As vaccine passports kick in, doctors see a rise in medical exemption requests – but few patients who actually qualify

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Doctors are seeing an uptick in requests for medical exemptions as the vaccine is mandated nationwide, but health officials warn that very few patients will qualify.

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Instead, some doctors see it as an opportunity to address patients’ concerns with vaccination and explain the benefits of getting their shots, says Dr. Katherine Smart, president of the Canadian Medical Association.

“At this point of the pandemic, we as all physicians are trying to take any opportunity we can to share information with patients and help them with any hesitation that may prevent them from getting vaccinated, and This is definitely an opportunity,” Dr. Smart says. “Many people with chronic health problems who may believe that a reason not to vaccinate are actually the same people we want to vaccinate because they are at much higher risk of a worse outcome from COVID.”

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Several provinces, including BC, Alberta, Quebec and Manitoba, have already introduced passports that require proof of vaccination to access non-essential services such as restaurants, movie theaters, sporting events and gyms. Ontario will begin its vaccine-certificate program on September 22.

There are very few conditions that meet the criteria for medical exemption. These include known allergic or immunologically confirmed anaphylaxis to any of the ingredients in the vaccine; Having had a significant allergic reaction to the first dose; or myocarditis, inflammation of the heart muscle and a rare side effect of the three vaccines. Some provinces have added other conditions to that list. For example, in Manitoba, the province’s Vaccine Implementation Task Force states that people who suffered Guillain-Barré syndrome as a result of the first dose, or are currently receiving treatment that prevents them from developing an immune response , qualify for the exemption.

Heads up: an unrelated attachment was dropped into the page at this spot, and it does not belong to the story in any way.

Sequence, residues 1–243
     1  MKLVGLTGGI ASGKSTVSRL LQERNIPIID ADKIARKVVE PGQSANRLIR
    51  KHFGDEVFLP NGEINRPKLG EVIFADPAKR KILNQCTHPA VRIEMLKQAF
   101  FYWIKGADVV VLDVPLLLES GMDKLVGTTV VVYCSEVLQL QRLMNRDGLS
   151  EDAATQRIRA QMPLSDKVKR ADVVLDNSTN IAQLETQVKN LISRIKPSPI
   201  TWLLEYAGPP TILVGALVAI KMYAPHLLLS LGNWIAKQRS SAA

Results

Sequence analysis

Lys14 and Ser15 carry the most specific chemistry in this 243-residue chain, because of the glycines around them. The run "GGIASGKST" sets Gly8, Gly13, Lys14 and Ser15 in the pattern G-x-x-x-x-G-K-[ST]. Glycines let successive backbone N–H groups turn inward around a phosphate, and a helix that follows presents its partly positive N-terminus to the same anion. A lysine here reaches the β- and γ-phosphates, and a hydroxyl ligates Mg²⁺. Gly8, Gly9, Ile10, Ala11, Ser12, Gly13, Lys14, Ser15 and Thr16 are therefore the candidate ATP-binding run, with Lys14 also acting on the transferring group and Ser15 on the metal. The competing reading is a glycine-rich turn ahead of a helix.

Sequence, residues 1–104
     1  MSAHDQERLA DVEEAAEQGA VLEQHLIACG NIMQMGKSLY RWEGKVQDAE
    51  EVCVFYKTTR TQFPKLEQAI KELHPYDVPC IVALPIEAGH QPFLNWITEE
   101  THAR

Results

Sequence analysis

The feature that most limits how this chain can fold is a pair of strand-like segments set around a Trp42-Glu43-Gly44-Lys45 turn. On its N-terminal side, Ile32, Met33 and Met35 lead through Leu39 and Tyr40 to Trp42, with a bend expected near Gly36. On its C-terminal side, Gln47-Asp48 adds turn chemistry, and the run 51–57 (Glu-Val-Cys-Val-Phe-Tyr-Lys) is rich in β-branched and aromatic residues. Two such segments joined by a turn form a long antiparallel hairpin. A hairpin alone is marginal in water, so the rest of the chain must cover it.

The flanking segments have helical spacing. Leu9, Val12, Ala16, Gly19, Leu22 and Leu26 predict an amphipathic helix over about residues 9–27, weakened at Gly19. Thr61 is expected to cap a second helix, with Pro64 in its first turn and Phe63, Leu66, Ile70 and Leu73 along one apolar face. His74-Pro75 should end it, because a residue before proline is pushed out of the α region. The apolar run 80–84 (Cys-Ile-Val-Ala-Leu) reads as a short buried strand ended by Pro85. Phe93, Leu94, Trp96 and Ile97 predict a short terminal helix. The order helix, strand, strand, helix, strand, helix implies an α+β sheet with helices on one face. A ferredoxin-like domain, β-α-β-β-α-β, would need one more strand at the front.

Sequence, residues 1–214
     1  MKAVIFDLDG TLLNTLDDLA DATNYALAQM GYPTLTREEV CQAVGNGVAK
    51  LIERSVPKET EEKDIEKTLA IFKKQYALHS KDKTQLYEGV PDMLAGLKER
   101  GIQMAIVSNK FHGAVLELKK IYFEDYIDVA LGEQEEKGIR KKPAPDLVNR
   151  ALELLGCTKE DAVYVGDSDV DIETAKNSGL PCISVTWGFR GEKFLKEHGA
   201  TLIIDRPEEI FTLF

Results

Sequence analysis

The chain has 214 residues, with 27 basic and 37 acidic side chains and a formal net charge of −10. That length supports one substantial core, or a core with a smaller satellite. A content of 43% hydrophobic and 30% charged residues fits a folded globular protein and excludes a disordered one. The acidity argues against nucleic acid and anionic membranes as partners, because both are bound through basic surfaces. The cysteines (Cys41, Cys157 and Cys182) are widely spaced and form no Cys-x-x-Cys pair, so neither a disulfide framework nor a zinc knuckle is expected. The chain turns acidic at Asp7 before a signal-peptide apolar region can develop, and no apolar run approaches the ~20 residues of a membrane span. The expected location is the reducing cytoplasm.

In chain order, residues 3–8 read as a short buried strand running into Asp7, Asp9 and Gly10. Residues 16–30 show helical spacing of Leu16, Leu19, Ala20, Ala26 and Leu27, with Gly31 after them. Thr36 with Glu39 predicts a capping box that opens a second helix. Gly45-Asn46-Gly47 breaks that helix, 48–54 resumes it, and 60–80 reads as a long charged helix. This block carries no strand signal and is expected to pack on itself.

Given this list of reasons, it is highly unlikely that many people inquiring about exemptions would qualify for one, Dr. Smart says. “The reality is that there are very few valid medical exemptions for vaccination so it’s quite simple.”

For example, according to data from the Public Health Agency of Canada, there are only 678 confirmed cases of myocarditis/pericarditis associated with COVID-19 vaccines in Canada from the start of the vaccination campaign to September 3 and its inclusion.

The Ontario Medical Association has already seen a small increase in requests for medical exemptions, says the organization’s president, Dr. Adam Kassam, but he says, “you’ll start to see that increase over time”.

About a dozen patients have asked Dr. Shane Barkley, a physician at Sun Peaks Community Health Center in Sun Peaks, BC, for a medical exemption for the vaccine. None of them had a condition that would qualify them for the exemption, he says. One patient sought exemption because he had only one kidney. Another told him that his lungs were bad.

“Then I would say, ‘All the more reason why you should get a COVID vaccine,'” Dr. Barclay says.